Let us take a moment to recognize our (at least) national aversion to feeling anything even remotely resembling the heavy end of the healthy emotions spectrum. We take pills for our pain. We numb our bodies in childbirth. We drink a few glasses of wine to detach from a hard day at the office. We hurl ourselves at work when we hate our spouses. We use credit cards to distance us from the hell of not having enough. We eat away our loneliness, our fear, and our rage. We are afraid to feel.
We are afraid to feel.
And it’s not just a bullshit move to run away from the feelings that we’ve deemed unsavory… it’s literally killing us. Yes, it hurts to lose a beloved pet–a trusted companion of 15 years–but th at hurt is only a fraction of what we will carry into the future if we don’t pause to grieve this loss.
It is our tendency to fly forward, too afraid to feel the hurt, piling one set of un-shed tears on top of the next. When we attempt to replace dead pets (or children, lovers, or friends, for that matter), we deny our very primal need to grieve. When we distract ourselves with something cute or shiny or numbing, we push our grief down instead of releasing it. And it’s the releasing it that allows us to move on at a natural, healthy pace.
There is an organic process that follows any loss like this and when we deny it, we suffer. And people who are suffering, hurt other people. It’s a toxic cycle of detachment and denial, and it has to stop. If we want to be the extraordinary people we are capable of being, we must choose to stay, to be in our experience, until it shifts into a new one. We must be willing to feel the way our life honestly feels. Releasing this experience properly creates space for the next beautiful experience to flow to us.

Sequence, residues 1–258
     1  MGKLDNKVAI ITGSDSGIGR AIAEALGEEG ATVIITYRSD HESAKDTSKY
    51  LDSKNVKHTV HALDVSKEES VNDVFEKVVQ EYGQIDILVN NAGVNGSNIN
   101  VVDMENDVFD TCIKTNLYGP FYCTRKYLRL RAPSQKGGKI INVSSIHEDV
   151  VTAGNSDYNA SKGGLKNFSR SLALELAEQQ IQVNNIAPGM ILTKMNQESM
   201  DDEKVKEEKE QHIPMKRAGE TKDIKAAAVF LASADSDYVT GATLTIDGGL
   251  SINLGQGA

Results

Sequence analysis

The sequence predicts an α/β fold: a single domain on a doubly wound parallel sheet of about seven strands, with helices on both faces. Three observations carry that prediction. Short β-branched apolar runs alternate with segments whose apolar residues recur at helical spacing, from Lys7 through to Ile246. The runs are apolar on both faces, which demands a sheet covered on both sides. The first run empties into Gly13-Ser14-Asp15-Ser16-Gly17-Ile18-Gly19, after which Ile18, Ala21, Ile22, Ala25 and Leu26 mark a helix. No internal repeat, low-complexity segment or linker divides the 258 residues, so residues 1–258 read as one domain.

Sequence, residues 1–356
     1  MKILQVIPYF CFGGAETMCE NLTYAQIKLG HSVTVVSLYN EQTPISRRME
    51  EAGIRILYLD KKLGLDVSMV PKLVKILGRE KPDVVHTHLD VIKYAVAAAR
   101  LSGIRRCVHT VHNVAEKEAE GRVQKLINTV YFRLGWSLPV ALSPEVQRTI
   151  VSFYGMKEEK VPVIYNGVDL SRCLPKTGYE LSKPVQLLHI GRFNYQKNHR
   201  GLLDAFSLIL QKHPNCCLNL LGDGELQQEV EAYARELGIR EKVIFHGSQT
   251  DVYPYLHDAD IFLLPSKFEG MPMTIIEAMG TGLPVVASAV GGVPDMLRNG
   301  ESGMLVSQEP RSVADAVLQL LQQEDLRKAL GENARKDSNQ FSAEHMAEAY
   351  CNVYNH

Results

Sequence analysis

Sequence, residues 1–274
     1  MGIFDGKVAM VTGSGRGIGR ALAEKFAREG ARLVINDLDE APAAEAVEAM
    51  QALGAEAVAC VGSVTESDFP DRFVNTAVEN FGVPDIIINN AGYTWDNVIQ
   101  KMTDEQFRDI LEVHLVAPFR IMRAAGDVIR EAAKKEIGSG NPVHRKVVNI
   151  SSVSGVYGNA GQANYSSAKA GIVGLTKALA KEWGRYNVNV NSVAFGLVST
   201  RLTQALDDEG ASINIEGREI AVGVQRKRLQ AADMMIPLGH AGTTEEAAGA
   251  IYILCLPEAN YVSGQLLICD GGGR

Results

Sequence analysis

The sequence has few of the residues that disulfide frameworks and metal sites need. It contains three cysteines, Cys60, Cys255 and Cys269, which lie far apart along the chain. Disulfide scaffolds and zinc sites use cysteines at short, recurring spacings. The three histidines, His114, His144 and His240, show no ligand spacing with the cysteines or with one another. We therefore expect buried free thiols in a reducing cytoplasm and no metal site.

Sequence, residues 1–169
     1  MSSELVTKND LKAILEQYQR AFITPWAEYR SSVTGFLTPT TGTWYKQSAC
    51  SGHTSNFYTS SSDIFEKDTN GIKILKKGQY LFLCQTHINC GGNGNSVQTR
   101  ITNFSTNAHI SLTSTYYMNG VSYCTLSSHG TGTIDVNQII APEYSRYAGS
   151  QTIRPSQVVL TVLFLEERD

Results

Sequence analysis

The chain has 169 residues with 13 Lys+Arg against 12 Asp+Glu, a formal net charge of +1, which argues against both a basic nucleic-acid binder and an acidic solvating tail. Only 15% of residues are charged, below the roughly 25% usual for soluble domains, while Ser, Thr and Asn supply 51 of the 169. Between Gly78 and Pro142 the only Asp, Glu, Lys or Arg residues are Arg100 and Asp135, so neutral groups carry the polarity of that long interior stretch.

If I brought home a kitten right now, I believe I would be robbing my wife, my children, and myself of the opportunity to grieve properly. Although we might be distracted, a new kitten would do nothing to help us heal the wound. Fancy just died yesterday. That hole in our hearts, minds, and home can’t be filled. They have to heal.
Instead of bringing in a kitten–and don’t get me wrong, we love kittens–we will be here, in this house that feels different without Fancy. We’ll notice that she is gone. We’ll feel space that used to be occupied by her unconditionally loving spirit, and rather maddening aversion to personal hygiene. We will tell stories and look at pictures. We will laugh about her life, and sometimes cry because it hurts that she is gone.
Instead of running away from ourselves, we will experience this loss.